Lots of good visibility. I note that the cheek pieces are long enough to be intercepted by the gorget. So its not as open as you might think. OTOH, I would not want to look up into the arrow storm.
The barrels on the upper arms are very interesting. I don't think they are attached to the spauldlers. That is to say, they don't have that interlocking rotating thing that was all the rage at the time. I suspect the arms are held up by internal leather strapping. Same as most of the arms that come out of my shop come to think of it. But the total wrap around of the upper arm is unusual enough for me to point it out. And look at that beautiful spaldler. The body is in lames as well as the usual lames up above. Mobility would be stunning. I love the matching armour nails (rivets) for the picadills on the topo and bottom. Lend a nice "boiler" look.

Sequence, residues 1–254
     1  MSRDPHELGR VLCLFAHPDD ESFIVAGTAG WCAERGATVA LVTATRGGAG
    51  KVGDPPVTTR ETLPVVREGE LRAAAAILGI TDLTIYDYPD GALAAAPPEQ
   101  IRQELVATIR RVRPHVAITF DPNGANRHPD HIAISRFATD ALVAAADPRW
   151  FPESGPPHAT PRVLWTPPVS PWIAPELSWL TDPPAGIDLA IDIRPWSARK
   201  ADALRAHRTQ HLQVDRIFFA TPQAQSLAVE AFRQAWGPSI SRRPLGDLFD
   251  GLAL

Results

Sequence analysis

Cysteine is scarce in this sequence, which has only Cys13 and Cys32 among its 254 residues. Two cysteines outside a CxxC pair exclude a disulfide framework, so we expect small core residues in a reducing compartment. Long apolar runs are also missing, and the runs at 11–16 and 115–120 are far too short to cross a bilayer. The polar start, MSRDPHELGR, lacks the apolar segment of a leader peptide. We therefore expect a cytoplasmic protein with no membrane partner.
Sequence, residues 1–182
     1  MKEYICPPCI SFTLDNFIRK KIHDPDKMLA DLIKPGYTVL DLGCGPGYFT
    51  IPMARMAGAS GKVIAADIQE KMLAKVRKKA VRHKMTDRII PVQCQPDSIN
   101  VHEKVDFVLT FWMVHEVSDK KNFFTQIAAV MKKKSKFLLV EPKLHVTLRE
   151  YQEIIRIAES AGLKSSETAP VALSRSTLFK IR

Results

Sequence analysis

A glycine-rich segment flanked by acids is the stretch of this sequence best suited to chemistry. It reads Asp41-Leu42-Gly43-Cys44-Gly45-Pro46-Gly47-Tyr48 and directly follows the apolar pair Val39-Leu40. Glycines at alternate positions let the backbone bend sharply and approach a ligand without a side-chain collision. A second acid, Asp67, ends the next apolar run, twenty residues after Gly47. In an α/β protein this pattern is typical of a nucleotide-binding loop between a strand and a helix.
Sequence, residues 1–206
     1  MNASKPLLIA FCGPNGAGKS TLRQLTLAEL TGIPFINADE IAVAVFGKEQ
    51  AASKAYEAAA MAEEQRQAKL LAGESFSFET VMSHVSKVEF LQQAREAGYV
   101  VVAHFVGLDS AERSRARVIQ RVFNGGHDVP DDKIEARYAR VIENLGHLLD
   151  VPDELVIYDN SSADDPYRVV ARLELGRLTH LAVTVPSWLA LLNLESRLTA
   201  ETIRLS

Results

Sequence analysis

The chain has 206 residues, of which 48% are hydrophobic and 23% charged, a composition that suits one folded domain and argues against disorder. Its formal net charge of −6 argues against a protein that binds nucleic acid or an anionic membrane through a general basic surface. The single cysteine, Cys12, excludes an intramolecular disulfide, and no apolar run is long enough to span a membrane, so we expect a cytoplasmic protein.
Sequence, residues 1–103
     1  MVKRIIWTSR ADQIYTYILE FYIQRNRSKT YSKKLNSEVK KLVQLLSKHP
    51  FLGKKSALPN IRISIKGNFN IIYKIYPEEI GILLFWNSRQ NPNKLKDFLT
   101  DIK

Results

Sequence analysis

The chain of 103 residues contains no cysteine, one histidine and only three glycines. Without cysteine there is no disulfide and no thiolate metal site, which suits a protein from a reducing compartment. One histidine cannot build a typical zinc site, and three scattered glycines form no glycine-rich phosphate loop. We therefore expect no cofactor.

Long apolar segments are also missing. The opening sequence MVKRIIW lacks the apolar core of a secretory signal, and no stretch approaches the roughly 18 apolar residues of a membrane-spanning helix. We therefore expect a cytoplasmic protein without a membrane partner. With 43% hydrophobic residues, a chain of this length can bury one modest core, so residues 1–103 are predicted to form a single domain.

If you look closely, you can see that the harnesshmidt made the upper arms rounded to fit the arm underneath. I "should" do them that way...but it takes time and adds to the price. I just leave them flat, same as most of them did back in the day.
The gorget in the picture above is interesting. It seems almost like a "dog collar" gorget. Never saw one like it anywhere else. I wonder if the row of rivets we see along the top held a sort of grande guard of heavy leather once upon a time. I see that the breastplate is uncomplicated.
The elbow is very nice. It would have a LOT of mobility
The gauntlets are, again, very "ordinance". The deep flute in the thumb base is interesting.
And you can so easily see how nice the tassets and the leg armour come together with those pins at the waist.
Well, there you go. A nice close up of a random Vienna armour. I have no idea of its provenance, its age, or anything else. But it IS the bar we try to conquer here in the shop.